FTC Town Hall to Address Digital Rights Management Technologies - Event Takes Place Wednesday, March 25, 2009, in Seattle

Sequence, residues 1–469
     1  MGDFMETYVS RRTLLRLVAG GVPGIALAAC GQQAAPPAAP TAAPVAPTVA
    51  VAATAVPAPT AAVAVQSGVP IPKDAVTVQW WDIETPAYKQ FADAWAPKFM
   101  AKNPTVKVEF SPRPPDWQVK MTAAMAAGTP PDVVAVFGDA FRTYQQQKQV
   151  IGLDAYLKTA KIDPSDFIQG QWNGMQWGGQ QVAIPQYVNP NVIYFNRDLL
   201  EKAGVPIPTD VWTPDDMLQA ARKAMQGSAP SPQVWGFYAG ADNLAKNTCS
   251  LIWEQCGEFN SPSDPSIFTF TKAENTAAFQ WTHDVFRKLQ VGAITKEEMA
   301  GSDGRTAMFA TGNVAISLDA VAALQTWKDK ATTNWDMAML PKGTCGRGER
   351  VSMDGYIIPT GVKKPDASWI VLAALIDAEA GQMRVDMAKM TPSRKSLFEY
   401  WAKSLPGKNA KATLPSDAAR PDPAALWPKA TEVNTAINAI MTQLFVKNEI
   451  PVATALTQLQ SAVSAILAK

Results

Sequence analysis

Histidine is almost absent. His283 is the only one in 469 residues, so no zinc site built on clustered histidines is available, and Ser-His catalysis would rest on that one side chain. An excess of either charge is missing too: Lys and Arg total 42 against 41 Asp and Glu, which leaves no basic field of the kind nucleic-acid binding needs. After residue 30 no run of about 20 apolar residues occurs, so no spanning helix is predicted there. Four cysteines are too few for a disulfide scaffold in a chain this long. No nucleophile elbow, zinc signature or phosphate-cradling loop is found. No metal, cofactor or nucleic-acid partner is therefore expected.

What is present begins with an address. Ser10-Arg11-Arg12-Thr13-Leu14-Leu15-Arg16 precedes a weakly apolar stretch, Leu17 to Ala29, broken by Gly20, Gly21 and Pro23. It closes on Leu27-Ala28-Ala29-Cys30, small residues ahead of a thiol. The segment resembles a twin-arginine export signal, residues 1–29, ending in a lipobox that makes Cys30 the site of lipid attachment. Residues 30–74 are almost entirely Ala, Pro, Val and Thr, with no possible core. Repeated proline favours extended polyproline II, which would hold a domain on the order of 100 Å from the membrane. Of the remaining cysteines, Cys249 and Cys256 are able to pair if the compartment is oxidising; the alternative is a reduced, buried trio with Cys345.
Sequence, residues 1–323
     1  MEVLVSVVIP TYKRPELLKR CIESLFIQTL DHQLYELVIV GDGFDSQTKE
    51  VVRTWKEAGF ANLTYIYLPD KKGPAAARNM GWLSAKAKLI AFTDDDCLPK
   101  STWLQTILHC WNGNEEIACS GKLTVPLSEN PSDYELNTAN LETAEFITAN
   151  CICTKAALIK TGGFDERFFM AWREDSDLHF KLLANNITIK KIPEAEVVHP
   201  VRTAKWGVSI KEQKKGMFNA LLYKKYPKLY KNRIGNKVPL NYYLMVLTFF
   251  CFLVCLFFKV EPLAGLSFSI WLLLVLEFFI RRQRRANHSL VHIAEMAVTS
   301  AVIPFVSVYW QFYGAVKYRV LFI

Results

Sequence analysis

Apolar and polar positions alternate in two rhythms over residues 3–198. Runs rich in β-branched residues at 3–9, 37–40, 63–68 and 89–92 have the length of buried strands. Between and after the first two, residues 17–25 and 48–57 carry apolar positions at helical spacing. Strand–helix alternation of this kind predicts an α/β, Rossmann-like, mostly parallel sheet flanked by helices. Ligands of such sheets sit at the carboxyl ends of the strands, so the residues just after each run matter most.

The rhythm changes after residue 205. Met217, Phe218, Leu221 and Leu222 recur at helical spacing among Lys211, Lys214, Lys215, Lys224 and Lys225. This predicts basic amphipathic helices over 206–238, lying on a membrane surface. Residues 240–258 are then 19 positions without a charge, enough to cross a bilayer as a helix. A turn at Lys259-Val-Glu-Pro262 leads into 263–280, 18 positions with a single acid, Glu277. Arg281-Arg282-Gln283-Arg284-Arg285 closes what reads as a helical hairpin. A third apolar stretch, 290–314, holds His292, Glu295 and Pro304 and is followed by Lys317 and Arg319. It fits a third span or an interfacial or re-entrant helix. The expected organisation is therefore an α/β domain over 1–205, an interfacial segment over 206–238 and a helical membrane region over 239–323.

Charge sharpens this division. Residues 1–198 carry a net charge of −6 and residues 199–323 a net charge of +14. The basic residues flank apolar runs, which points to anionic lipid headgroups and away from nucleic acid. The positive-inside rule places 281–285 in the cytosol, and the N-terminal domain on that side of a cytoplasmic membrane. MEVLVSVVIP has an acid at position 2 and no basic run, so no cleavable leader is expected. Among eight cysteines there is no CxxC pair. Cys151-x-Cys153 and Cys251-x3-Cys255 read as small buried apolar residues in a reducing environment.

Computer games companies in particular seem determined to circumvent consumer rights in a failed attempt to prevent a small portion of the public from violating their copyright. Their products often include DRM programs that must be installed to use them and can not be easily removed from a computer, even after the primary software has been uninstalled. In some cases a special program must be downloaded from an official website. In other cases the program can never be removed without completely erasing or replacing a computer's primary hard drive. No regard is given to the consumer's time or money that must be taken to remove these invasive programs. Further, the requirement to install these programs are never clearly stated on the game's box. This leaves an unaware owner in the unfortunate position of either having to install invasive software or attempt to return the now opened game. Most stores are extremely reluctant to accept returns on opened computer products. Further, these programs almost completely fail at their intended goal. For example Spore had some of the most invasive and extensive copy protection software in computer gaming history. Within days it was also the most pirated game ever. Even legitimate consumers downloaded the pirated copy to avoid subjecting their computers to the potentially damaging software included in the retail product. I personally have passed up numerous games I would otherwise have purchased at launch due to these invasive procedure. Two titles that I was highly anticipating but never bought were Freedom Force Versus The Third Reich and Spore. I had been very excited for these games but did not buy them for the reasons stated above. I did not pirate them either. I simply spent my time and money on products produced by companies that show more respect and consideration for their customers. The DRM software included on many modern computer games has several effects. It lowers sales. It encourages piracy. It punishes honest consumers. The one thing it does not do is prevent piracy. It is time for game companies to look to the music industry. They have dropped their most stringent DRM models in favor of the consumer's right to use legitimately purchased products. Why should computer games be treated so differently.